Wednesday, April 18, 2007

Modern Pelicans

Back in 1969, Pelican Crossings were introduced into the UK. They were shown incessantly on the telly by a well known public information film starring the voice of Deryck Guyler.

I didn't find the footage in the National Archives, but I did find a good Precis of it here. (You all come back now, you hear!)

Unfortunately, the brave new world of Pelican crossings are more high tech but low on usability. Take this one in Bradford which is probably a Hybrid Puffin...

It uses LEDs so is energy efficient, with a large-ish red circle instead of the normal WAIT words on the push button box. It has motion sensors at the top of the pole facing down and across the crossing so it can tell if you are still there. However, it doesn't beep any more and there aren't red/green men at the top of the pole where you are crossing to.

This one does have some sort of indicator at the top of the pole, but it is facing away from the road.

It isn't entirely clear what it is, as it happens, and... it is facing a car park it appears to serve no purpose whatsoever.

You can imagine it though, some Council jobsworth saying "The spec says 14 units and I can only count 13. I don't care if it isn't connected, there is meant to be an anunciator at the top of that pole."


Bill Haydon said...

Come on! "Learn your blinking pelican signals!" - The cast of Dad's army made two very cool PIfs about Pelican Crossings in the early 70s (1971 I think) which are worth a look -they're on the Charley Says compilation of PIFs.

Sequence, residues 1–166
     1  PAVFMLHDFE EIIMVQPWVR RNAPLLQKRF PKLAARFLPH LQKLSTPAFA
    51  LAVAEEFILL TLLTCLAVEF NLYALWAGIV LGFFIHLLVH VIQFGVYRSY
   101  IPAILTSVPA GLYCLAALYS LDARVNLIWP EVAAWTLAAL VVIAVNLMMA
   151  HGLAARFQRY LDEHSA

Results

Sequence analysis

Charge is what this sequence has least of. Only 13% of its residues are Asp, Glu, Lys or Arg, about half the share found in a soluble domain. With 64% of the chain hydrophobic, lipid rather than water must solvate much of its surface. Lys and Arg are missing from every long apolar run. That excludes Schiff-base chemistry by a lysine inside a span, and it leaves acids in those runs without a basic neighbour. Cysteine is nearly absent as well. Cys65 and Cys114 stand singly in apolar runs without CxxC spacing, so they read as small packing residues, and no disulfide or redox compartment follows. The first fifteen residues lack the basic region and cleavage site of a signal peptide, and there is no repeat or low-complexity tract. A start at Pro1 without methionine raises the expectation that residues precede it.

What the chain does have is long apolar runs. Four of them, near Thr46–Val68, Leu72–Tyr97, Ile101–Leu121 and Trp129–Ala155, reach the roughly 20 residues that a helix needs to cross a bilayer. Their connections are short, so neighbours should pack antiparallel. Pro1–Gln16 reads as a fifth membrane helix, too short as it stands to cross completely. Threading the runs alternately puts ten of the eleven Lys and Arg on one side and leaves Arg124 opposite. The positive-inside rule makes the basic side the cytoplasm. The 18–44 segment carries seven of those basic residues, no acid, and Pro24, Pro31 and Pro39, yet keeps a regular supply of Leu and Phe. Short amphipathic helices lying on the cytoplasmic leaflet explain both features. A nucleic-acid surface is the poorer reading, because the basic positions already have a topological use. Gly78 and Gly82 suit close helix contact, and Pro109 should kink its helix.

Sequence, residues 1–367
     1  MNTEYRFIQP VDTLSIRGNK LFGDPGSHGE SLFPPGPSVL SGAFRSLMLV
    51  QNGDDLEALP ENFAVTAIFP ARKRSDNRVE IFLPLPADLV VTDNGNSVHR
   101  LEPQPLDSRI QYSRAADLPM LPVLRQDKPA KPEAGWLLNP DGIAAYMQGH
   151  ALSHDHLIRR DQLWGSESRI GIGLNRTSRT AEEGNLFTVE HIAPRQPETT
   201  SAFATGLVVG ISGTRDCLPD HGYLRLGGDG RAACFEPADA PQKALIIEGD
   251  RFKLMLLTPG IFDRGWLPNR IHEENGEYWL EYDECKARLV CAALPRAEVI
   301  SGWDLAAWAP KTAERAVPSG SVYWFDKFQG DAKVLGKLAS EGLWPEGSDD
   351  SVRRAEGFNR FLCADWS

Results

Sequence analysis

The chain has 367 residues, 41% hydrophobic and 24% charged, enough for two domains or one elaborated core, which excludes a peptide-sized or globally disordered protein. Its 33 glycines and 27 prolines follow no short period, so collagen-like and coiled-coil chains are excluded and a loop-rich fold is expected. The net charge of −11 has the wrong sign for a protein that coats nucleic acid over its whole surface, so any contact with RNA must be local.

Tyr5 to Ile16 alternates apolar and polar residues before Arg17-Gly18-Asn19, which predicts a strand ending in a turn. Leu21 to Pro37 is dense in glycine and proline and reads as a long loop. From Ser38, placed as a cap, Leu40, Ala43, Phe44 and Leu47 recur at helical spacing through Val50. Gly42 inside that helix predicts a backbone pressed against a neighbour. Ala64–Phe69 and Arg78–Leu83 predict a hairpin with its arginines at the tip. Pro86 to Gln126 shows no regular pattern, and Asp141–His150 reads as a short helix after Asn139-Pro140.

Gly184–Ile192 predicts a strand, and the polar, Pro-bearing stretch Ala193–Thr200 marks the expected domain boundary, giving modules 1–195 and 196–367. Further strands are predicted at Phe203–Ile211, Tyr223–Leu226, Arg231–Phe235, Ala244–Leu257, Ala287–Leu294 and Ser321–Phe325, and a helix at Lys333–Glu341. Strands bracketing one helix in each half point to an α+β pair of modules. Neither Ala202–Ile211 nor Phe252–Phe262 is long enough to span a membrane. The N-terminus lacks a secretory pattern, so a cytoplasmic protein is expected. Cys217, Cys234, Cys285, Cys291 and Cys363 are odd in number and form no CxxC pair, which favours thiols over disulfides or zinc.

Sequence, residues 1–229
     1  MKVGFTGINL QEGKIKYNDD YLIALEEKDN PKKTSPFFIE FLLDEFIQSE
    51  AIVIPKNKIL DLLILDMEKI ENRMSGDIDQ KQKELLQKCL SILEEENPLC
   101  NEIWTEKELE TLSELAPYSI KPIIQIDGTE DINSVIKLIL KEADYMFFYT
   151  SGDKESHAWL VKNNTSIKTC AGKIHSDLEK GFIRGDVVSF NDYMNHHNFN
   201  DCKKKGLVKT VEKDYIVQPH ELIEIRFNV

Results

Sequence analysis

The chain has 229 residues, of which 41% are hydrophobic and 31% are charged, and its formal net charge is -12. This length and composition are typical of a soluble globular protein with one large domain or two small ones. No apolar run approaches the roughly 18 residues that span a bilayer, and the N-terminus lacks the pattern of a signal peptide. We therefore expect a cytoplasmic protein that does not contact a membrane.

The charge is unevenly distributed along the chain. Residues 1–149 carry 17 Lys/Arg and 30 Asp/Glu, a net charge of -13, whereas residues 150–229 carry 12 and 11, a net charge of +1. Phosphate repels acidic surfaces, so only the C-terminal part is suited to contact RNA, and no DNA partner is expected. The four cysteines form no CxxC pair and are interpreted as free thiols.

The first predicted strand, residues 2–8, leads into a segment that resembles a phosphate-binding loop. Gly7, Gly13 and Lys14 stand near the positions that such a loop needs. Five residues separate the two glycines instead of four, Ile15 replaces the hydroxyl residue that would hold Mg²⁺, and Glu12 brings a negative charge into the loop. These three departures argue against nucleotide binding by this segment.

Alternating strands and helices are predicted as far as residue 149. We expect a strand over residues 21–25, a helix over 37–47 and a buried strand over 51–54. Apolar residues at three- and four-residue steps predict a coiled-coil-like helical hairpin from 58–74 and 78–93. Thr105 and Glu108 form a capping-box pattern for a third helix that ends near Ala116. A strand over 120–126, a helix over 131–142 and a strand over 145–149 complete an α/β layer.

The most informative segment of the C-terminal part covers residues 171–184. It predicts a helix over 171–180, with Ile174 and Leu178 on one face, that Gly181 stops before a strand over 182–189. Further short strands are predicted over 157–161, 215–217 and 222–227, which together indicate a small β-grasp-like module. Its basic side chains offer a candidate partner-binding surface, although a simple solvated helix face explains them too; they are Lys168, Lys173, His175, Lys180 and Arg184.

Shades said...

Tin Drummer- are you going to admit to having bought a PIF compilation?

I thought my eclectic collection of strange records was bad enough.

"Charley Says", gosh there's a thread.

We could bring that up to the 21st Century, "Charley says- don't question the Government's Iraq dead figures", "Chaarley says- use doublethink: even the strangest suicides happened the way we said", "Charley says- don't stare at Muslims"...

Bill Haydon said...

Yes, Yes I am (it was research for an essay I wrote for an online magazine) - but a lot of them are very cool indeed. If you read my blog you will know I am slightly obsessed with the Protect and Survive PIFs which are among the darkest cultural items of the C20.

Charley Says is just the title. The best PIFs are PaS; the Dad's Army ones; Play safe - frisbee, which scared the willies out of the young drummer; and lonely water, which would have done had I seen it then.


(the end of Play Safe - Frisbee)

Shades said...

Protect & survive were indeed rather sinister. They are showing at Imperial War Museum North.

I rather enjoyed Raymond Briggs' "When the wind blows" that mocked P&S doctrine, although Parliament endorsed it at the time with the CND perspective.

Bill Haydon said...

Ah.. Protect and Survive...I could say so much...suffice it to say they're wholly cynical and are that in order to be partially effective. They're the best advice for saving the saveable portion of the population...